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The Low-Fat Trend: How The Sugar Industry Was Behind The Blame

Did you know that the sugar industry placed the blame on fats? For so long, we’ve been told that fats are bad. Low-fat this, non-fat that. But why?

According to an article in the New York Times by Anahad O’Connor, the sugar industry paid scientists to downplay the link between sugar and heart disease. Instead, the blame was placed on saturated fats. “The documents show that a trade group called the Sugar Research Foundation, known today as the Sugar Association, paid three Harvard scientists the equivalent of about $50,000 in today’s dollars to publish a 1967 review of research on sugar, fat and heart disease. Since these falsified findings were published, low fat diets have been the recommendation of healthcare professionals.

You can read more about O’Connor’s article here: https://www.nytimes.com/2016/09/13/well/eat/how-the-sugar-industry-shifted-blame-to-fat.html?_r=0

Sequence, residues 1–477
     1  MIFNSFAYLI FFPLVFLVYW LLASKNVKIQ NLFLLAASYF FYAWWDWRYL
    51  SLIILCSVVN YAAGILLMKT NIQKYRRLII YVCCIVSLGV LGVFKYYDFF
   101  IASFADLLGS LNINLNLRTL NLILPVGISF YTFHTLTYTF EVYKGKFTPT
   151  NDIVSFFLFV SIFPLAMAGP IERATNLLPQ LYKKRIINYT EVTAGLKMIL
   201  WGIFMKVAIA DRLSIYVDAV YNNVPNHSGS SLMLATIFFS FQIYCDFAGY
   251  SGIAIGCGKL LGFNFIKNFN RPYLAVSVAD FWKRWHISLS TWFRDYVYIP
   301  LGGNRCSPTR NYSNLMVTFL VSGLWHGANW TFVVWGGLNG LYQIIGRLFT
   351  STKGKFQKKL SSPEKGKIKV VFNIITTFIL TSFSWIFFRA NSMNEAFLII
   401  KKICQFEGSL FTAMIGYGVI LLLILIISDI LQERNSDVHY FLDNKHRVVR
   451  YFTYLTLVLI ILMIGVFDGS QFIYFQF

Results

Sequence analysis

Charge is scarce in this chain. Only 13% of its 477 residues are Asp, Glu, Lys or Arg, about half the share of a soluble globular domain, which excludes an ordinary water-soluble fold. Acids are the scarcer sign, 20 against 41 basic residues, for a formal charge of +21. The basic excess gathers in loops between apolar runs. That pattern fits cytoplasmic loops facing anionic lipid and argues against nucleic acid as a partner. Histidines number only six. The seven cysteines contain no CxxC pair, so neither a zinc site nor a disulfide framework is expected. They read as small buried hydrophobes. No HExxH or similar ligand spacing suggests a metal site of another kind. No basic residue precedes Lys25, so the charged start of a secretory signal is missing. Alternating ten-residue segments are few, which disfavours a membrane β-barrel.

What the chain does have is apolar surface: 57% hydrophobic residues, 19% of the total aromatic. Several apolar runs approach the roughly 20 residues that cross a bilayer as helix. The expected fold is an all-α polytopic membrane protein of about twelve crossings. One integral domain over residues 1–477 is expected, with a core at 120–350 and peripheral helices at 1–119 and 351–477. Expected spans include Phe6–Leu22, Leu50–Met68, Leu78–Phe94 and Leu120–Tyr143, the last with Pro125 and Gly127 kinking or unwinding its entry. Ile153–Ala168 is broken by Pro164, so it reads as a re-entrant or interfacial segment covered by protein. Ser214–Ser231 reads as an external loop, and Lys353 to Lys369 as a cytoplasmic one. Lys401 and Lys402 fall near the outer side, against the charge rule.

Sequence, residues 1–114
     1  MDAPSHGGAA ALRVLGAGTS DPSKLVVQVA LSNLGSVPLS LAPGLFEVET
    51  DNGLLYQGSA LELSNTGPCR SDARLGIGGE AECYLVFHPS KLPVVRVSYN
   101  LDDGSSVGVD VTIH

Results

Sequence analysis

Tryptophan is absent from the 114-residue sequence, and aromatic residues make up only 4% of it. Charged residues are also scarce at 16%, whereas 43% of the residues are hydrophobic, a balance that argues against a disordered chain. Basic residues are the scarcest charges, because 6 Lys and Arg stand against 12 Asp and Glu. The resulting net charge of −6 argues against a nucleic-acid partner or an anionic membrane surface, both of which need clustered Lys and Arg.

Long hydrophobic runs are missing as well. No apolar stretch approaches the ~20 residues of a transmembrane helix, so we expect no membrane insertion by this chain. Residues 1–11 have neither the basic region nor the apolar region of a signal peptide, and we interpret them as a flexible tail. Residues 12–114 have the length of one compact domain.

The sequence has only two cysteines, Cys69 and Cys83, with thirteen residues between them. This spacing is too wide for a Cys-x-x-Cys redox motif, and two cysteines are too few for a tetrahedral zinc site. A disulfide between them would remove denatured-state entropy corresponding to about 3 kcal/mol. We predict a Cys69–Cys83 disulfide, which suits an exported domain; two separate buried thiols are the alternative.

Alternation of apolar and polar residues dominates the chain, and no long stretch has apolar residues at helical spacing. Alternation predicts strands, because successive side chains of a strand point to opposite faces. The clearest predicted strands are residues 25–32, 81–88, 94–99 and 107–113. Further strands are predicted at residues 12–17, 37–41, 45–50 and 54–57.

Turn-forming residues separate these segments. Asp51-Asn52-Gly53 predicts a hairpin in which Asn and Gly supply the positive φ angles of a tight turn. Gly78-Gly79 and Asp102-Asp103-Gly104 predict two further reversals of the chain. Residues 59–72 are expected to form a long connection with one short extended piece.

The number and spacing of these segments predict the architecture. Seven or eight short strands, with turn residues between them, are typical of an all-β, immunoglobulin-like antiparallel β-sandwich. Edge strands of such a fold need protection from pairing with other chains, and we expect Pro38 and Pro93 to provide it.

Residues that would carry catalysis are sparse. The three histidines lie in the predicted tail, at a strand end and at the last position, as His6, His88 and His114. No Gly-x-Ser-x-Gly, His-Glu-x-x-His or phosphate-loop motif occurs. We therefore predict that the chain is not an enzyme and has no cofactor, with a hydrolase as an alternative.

Today, grocery store shelves are so full of “low-fat” products that it’s hard to not think of these as the healthier alternative. Creative marketing tactics and grocery packaging makes it seem as though “reduced fat” items are healthier but they forget to mention how they actually reduce the fat.  When companies take out the fat, they need to replace it with something else. What do they replace it with, sugar!

Blaming recent weight-gain trends on fat created a bad name surrounding all fats, even the fats which are seen to be healthy, essential aspects of our diets. These “healthy fats” include olive oil, butter, avocados, and nuts. These healthy fats are never heated, denatured, or pressed and they keep us feeling full, are rich in nutrients and increase the absorption of vitamins and minerals from our food.


I like to add avocados to my smoothies, have almonds for a snack, and add olive oil to my salads. Don’t be afraid to add healthy fats into your diet! Your body will thank you!